Dick Dauch, American Axle head
Union warned of outsourcing
BY TOM WALSH • FREE PRESS COLUMNIST • March 27, 2008
"We are fighting for the absolute survival of AAM in America," Dauch said in an interview one month after a walkout by 3,600 hourly workers at AAM plants in Michigan and New York.
"We have the flexibility to source all of our business to other locations around the world, and we have the right to do so," Dauch said, in a not-so-veiled threat. AAM has plants in Mexico, South America, Europe and Asia.
"We will not be forced into bankruptcy in order to reach a market-competitive cost structure in the United States. If we cannot compete for new contracts in the U.S., there will be no work in the original plants," Dauch said, referring to operations in Detroit, Three Rivers and in the New York towns of Tonawanda and Cheektowaga.
His point: American Axle cannot win new contracts for axles and other automotive components at its older U.S. plants where so-called all-in labor costs -- including wages and benefits -- now exceed $73 per hour. AAM competitors, including Toledo-based Dana and axle plants for Ford Motor Co. and Chrysler LLC, have all-in labor costs about one-third of AAM's, he said.
Intensive negotiations between full UAW and AAM bargaining teams broke off March 11, and only sporadic conversations have occurred since.
But Dauch insisted he has no intention of turning American Axle -- which he created in 1994 by leading an investment group that purchased General Motors Corp.'s axle-making plants -- into an offshore company. In fact, Dauch, 65, a former manufacturing executive at both GM and Chrysler, has long been a fiery advocate of the need for the United States to maintain its manufacturing base.
The UAW did not respond Wednesday to a Free Press request for comment on Dauch's remarks.
But two weeks ago, UAW President Ron Gettelfinger, appearing on Paul W. Smith's WJR-AM (760) radio show, blamed the deadlock on American Axle. "As long as they come to the bargaining table with the attitude that they're not going to negotiate -- that they're going to dictate -- we're not going to get an agreement," Gettelfinger said then.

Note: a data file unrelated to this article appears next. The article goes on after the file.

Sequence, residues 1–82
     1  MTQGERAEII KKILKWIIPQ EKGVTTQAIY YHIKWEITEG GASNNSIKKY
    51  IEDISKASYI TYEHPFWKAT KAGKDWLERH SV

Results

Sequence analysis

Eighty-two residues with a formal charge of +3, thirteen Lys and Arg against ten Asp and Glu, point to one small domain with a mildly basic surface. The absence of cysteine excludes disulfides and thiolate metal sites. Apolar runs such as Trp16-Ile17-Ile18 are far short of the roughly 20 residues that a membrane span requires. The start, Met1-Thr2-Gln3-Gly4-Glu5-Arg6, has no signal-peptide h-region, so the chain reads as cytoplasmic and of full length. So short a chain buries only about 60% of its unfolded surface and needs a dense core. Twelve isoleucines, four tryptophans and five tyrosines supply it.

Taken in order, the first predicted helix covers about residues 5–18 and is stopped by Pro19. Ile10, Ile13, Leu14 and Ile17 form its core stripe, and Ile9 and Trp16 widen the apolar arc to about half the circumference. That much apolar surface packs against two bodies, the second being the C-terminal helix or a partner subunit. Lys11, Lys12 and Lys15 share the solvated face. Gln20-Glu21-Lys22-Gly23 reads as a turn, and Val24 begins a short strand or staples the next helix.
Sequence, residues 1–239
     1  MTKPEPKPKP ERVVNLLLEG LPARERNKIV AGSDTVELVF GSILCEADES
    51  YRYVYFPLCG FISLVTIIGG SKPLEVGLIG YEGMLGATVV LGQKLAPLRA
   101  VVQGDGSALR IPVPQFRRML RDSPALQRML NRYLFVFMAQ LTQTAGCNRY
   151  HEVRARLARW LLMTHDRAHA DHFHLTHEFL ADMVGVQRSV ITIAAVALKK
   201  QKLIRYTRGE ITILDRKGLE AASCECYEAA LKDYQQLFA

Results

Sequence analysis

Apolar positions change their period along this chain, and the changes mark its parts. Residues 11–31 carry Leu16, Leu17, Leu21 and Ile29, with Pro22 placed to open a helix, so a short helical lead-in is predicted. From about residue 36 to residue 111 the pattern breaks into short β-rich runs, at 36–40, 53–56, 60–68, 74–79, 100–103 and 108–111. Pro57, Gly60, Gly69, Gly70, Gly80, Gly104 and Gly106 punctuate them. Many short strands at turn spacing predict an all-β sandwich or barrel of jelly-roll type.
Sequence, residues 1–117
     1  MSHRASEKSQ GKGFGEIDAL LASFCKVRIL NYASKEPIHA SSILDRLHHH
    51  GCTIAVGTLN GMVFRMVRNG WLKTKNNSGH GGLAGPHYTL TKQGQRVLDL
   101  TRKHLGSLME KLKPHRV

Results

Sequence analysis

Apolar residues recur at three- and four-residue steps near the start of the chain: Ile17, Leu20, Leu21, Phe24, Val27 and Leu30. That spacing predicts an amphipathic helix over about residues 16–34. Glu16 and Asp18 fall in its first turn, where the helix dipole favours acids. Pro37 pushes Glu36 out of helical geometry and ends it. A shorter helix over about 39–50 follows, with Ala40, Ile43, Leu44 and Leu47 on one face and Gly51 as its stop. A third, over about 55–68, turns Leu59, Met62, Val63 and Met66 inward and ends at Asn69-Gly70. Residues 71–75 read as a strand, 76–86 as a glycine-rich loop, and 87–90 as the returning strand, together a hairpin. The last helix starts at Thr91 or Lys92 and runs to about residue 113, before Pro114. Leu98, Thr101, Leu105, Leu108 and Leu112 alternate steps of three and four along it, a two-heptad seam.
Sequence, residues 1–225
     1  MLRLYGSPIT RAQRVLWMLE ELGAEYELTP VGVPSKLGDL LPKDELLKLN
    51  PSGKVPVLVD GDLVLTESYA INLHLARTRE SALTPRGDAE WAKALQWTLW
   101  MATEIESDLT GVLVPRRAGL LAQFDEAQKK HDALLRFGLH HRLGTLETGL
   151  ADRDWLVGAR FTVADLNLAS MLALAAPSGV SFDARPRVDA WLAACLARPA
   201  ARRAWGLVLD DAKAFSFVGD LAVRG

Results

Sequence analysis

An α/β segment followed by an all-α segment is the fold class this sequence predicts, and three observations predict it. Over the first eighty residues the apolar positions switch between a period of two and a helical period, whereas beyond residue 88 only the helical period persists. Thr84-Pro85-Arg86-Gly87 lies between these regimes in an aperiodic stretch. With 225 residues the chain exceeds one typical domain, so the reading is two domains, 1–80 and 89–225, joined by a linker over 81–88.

That comment didn't sit well with Dauch.
"He caused the strike," Dauch said of Gettelfinger. "I'm prepared to meet anytime. He's got plenty of time to talk on the radio ... But the message must be truthful."
Dauch's comments Wednesday were his first media interview since the early days of the strike.
The strike has forced GM to slow work or shut down at 29 factories, including eight assembly plants that mainly make pickups and SUVs. The automaker might soon have to shut down the first car plant because of the strike. A union leader in Lordstown, Ohio, where GM makes the Chevrolet Cobalt, said that plant might have to halt production next week because of the pending shortage of a brake part that American Axle indirectly supplies for that vehicle.
Dauch said he understands that AAM is asking for major sacrifices by its longtime workers. It wants to cut wages from about $28 an hour to $14 per hour, slash its legacy cost burdens for retiree health care and find a way to stop paying people for not working. AAM has paid out $250 million since its inception in supplemental unemployment benefits to laid-off UAW workers, most of it in the past three or four years, said Michael Simonte, the firm's chief financial officer.
What Dauch said he does not understand is the union's apparent unwillingness to bargain a concessionary deal similar to others already blessed by the UAW for GM, Ford, Chrysler, Dana, Delphi Corp. and others.
"They have fashioned something to be very supportive" to those firms, Dauch said. "Why are we being focused on, or profiled, not to have a similar pattern to the peer groups we compete with?"
Dauch said AAM's salaried workers already have absorbed higher health-care co-pays and other benefits costs, and have salaries in line with American Axle's peer companies in the auto parts business.
Asked about CEO compensation, a major irritant to the UAW and other union officials, Dauch said that his own pay was decided by a committee of four independent AAM board members and was competitive with other CEOs in the industry. Last year, Dauch's base salary rose 9.6% to $1.47 million but he received no bonus, after getting a $3.9-million bonus the previous year. About $7.7 million in restricted stock options vested last year because Dauch reached retirement age, according to the firm's annual proxy statement.
AAM is prepared to negotiate buyouts and early-retirement provisions to help create soft landings for workers affected by cuts, Dauch said. And he's willing to promise future work for the U.S. plants, but only if a new contract provides a cost structure that enables it to win such work.
"Reality has intruded," he said, citing globalization and the dramatic impact of rising energy costs on truck and SUV sales among key factors that have dramatically altered the industry's competitive math in the past five years.
"We need structural and permanent change in our cost structure," he said.
"We must eliminate the Detroit entitlement mentality."